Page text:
India: Ola and Uber finally gaining pricing power as they grow

For shoppers and drivers, this situation is far from ideal as a potential duopoly of Ola and Uber will significantly restrict choices. Photo: Hemant Mishra/Mint

The moves by rival cab-hailing services Ola and Uber to charge cab drivers for using their services highlight the growing pricing power they have with drivers as well as customers.

Ola (ANI Technologies Pvt. Ltd) and Uber India have started charging drivers Rs.300 per week, as they attempt to prevent drivers from using other platforms, Mint reported. The logic is that a driver who pays the company will stick to it.

As many as 15 drivers Mint spoke to said the move seems to have worked as both companies introduced the charges in the same month, limiting the possibility that drivers will defect.

Ola and US-based Uber are locked in a bruising and cash-intensive market share battle. Ola claims to be the clear market leader and says its cabs complete about 750,000 daily rides. Uber said on 31 July it expects to do more than one million daily rides before next March, helped by the $1 billion it promised to invest in India.

Both Ola and Uber are significantly larger than cab services pioneer Meru, which has struggled to compete with the speed, tech expertise and funding power of the two. A fourth, TaxiForSure, was acquired by Ola in March for $200 million, in a deal that helped expand Ola its lead and consolidate its status as the most attractive alternative to Uber for investors who want to bet on cab services.

For shoppers and drivers, this situation is far from ideal as a potential duopoly of Ola and Uber will significantly restrict choices. Such a scenario is also somewhat unique among India’s nascent but fast-growing Internet market, which investors and analysts say has too many firms in most niches.

Until now, both shoppers and drivers have benefited from the efforts of Ola and Uber to grow big at a fast pace. These companies slashed prices to attract consumers on the one hand (their low-cost offerings are cheaper than auto rickshaws), and on the other hand, they gave incentives to drivers to get them on their platforms and keep them using their services.

While both Ola and Uber still have massive cash piles, they are showing signs of tempering their discounting to customers and subsidizing of drivers. This is not to say that either will stop—prices continue to remain low and incentives for drivers attractive. What is changing, however, is that Ola and Uber are increasingly enjoying more power in setting prices and terms, especially with their drivers, as shown by the introduction of the weekly charge.

Mint reported on 15 July that Ola restarted surge pricing in Bengaluru, five months after it was forced to stop the practice by Karnataka state transport authorities. Surge pricing, pioneered by Ola’s rival Uber, refers to the practice of increasing prices by multiples of the regular fare when companies claim customer demand is much higher than the supply of cabs. During peak hours, Uber and Ola sometimes charge up to three times the regular fare. Shoppers may soon have to get used to such practices, especially if money isn’t as easily available as it was in the funding glut of the past 18 months or if investors at the cab services companies demand a focus on generating profits—both of which are inevitable.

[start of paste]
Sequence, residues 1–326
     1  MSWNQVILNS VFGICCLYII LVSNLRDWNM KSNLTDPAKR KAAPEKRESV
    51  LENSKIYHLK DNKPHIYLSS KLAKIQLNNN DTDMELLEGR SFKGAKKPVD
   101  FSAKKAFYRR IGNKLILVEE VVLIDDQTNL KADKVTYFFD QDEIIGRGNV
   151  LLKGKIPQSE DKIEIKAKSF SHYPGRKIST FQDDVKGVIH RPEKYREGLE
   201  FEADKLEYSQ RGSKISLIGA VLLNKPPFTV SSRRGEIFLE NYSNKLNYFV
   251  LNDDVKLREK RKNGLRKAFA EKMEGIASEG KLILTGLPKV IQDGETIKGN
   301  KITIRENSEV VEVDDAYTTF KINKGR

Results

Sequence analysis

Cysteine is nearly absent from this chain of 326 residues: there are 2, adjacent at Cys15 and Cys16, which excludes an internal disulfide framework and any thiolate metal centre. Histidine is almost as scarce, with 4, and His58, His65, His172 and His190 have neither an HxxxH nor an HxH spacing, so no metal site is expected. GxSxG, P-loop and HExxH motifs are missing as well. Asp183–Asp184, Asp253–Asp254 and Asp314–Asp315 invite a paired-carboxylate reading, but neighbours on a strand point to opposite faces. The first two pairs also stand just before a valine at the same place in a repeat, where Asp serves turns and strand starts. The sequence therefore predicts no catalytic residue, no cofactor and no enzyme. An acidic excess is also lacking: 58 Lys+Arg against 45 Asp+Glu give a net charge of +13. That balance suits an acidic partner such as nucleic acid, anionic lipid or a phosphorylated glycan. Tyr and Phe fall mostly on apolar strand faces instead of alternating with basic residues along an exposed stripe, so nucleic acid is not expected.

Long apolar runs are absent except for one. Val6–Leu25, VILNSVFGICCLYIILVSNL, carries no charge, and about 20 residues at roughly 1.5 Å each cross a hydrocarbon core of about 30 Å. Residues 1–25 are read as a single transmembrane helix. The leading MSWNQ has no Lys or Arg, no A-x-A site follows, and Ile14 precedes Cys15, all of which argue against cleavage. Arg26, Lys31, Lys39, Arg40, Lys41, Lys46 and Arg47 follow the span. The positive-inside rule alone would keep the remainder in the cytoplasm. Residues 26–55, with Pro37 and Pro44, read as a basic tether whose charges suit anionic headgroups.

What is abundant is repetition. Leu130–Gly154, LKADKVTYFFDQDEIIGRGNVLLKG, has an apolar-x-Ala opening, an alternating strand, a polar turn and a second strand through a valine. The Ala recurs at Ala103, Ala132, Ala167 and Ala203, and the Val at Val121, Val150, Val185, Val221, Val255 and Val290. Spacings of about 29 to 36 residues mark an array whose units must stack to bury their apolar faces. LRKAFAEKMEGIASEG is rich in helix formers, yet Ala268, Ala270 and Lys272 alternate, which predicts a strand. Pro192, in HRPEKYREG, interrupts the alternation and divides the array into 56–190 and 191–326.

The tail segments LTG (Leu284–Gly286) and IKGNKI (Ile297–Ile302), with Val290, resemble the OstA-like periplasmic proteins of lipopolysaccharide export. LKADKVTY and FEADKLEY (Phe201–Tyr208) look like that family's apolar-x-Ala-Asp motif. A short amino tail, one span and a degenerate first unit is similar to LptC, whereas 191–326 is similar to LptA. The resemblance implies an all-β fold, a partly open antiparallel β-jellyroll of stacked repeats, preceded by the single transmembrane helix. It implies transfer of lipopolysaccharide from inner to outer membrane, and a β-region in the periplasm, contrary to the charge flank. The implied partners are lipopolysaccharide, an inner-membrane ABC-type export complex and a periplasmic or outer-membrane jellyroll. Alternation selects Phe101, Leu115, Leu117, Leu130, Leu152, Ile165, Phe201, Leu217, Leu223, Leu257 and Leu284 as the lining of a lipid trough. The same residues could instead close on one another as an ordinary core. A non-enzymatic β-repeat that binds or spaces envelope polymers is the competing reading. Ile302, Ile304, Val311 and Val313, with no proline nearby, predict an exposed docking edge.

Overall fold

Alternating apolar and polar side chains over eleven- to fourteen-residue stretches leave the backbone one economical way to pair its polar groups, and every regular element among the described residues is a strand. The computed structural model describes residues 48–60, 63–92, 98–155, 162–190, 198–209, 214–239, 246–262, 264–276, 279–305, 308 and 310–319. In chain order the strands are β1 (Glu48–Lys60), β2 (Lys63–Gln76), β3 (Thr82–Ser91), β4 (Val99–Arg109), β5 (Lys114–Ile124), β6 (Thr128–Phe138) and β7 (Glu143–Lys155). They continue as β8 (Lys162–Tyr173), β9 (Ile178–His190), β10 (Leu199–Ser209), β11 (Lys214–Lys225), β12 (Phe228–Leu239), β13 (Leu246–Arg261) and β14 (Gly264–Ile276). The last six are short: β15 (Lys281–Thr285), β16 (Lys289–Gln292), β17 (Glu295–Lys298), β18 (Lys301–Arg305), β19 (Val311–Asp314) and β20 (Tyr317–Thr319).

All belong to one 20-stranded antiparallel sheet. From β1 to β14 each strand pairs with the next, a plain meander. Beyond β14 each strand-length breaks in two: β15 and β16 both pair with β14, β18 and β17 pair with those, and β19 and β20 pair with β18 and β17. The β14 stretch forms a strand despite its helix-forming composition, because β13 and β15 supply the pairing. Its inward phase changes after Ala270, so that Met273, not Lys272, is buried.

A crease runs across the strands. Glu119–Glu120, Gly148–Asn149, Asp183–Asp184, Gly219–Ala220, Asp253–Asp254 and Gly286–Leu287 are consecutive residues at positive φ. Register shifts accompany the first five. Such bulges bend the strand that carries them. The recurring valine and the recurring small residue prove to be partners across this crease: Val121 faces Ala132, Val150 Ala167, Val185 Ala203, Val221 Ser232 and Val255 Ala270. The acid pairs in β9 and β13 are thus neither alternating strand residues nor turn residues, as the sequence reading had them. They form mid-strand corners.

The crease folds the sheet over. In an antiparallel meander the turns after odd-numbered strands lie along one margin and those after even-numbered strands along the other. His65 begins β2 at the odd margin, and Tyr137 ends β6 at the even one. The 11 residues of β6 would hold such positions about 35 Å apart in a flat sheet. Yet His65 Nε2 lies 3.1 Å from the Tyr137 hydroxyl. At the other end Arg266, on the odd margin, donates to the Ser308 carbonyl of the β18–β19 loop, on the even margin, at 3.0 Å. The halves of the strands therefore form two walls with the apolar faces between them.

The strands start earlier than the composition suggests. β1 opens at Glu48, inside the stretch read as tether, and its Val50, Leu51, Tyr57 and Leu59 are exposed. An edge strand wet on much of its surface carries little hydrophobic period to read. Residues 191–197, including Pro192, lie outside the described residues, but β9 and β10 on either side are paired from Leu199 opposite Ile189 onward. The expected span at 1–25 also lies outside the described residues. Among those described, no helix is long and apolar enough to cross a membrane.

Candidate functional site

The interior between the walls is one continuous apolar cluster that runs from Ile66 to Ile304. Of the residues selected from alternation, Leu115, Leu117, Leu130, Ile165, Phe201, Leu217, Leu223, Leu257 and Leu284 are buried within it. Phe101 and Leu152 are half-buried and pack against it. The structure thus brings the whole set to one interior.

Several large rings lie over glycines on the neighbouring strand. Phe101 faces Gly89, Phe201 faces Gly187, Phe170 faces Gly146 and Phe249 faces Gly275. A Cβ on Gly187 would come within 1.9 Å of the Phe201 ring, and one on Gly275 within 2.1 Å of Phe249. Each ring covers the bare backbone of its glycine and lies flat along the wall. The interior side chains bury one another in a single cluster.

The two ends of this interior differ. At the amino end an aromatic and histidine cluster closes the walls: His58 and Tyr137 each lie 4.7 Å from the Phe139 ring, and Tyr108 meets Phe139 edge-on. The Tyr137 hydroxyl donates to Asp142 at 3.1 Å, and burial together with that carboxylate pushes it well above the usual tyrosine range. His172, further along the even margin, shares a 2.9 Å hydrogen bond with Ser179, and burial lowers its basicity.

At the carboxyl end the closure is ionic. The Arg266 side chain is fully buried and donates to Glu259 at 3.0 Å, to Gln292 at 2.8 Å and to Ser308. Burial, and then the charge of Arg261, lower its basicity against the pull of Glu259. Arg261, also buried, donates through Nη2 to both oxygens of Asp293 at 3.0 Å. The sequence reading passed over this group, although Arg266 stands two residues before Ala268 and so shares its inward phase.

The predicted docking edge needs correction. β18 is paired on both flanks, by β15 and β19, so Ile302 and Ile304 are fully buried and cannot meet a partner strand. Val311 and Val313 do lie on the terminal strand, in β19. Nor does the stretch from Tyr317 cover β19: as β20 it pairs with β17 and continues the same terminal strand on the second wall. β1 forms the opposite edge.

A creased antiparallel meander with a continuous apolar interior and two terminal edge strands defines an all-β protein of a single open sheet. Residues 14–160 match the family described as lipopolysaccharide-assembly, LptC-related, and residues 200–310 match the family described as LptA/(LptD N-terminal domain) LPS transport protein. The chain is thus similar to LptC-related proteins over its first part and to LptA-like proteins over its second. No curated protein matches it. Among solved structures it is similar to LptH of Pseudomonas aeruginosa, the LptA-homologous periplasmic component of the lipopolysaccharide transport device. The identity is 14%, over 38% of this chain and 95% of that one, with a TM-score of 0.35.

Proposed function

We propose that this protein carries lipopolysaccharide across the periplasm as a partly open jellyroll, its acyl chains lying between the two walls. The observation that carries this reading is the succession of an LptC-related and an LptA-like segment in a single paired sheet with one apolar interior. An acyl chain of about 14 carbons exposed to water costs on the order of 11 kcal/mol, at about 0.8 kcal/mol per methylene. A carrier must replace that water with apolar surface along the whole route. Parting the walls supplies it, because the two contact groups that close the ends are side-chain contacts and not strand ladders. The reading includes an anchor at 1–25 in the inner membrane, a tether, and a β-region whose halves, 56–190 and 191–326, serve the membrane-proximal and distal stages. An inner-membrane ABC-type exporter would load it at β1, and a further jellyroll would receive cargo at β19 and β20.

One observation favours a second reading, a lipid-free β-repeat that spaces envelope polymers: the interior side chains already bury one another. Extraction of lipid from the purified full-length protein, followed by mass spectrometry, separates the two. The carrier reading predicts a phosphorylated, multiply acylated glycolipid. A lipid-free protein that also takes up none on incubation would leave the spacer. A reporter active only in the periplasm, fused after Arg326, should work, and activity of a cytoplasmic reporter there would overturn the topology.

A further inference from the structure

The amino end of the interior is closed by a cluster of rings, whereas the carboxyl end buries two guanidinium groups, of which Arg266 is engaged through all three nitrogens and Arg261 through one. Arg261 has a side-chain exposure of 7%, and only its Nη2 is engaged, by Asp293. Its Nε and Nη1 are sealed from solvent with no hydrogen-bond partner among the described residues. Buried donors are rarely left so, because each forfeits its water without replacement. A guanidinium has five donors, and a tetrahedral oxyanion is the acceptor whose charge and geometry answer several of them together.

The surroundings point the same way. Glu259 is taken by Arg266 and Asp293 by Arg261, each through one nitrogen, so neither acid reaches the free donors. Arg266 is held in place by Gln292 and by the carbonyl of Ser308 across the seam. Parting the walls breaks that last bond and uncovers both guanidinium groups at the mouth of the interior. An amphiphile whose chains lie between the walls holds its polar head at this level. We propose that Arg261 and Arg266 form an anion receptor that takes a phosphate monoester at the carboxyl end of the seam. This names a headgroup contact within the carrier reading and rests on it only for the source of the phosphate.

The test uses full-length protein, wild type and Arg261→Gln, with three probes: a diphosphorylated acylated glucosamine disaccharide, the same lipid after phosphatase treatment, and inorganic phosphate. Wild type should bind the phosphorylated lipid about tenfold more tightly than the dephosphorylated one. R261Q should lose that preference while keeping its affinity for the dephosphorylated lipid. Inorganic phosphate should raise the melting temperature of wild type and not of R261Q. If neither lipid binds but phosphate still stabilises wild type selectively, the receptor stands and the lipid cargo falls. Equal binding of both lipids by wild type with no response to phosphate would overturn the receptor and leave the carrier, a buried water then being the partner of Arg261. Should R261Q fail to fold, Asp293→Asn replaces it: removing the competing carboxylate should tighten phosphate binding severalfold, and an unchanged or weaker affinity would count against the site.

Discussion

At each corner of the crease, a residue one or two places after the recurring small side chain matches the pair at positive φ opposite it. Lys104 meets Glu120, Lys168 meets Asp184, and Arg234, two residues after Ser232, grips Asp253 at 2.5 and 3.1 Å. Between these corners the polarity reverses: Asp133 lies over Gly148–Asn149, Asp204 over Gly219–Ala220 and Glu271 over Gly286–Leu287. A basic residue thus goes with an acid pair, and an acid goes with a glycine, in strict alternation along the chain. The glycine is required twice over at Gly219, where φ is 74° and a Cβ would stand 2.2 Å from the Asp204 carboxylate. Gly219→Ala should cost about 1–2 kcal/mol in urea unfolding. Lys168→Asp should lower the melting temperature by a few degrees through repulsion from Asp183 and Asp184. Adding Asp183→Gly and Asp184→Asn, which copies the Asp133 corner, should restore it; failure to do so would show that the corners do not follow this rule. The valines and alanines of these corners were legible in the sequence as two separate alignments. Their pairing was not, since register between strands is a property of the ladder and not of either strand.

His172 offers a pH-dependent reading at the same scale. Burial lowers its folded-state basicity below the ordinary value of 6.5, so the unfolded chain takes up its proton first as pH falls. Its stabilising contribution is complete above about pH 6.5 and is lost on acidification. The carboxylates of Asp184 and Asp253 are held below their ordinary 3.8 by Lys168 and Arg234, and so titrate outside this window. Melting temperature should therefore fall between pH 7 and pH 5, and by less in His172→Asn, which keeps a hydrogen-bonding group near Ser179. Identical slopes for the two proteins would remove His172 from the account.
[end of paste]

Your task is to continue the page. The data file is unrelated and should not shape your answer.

This story was first published on livemint.com

Singapore Reporter/s

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Following vacancies can be applied for (only in Singapore).

Following vacancies can be applied for (only in Singapore).   

  • A reporter to track companies/startups that have raised private capital, and have the potential to become unicorns. SEA currently has over 40 companies with a valuation of over $100 million and under $1 billion.
  • A reporter who can get behind the scenes and reveal how funding rounds are put together, or why they’ve failed to materialise. She/he in this role will largely focus on long-format stories. 
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Singapore Reporter/s

In Singapore, we are looking to double our reporting team by this year-end to comprehensively cover the fast-moving world of funded startups and VC, PE & M&A deals. We want reporters who can tell our readers what is really happening in these sectors and why it matters to markets, companies and consumers. The ability to write precisely and urgently is crucial for these roles. Ideal candidates must have to ability to work in a collaborative, dynamic, and fast-changing environment. We want our new hires to be digitally savvy and ready to experiment with new forms of storytelling. Most importantly, we are looking for hard-hitting reporters who work well in a team. Collaboration and collegiality are a must.

Following vacancies can be applied for (only in Singapore).

Following vacancies can be applied for (only in Singapore).   

  • A reporter to track companies/startups that have raised private capital, and have the potential to become unicorns. SEA currently has over 40 companies with a valuation of over $100 million and under $1 billion.
  • A reporter who can get behind the scenes and reveal how funding rounds are put together, or why they’ve failed to materialise. She/he in this role will largely focus on long-format stories. 
  • A journalist to track special situations funds, distressed debt and private credit (from the PE angle) across Asia.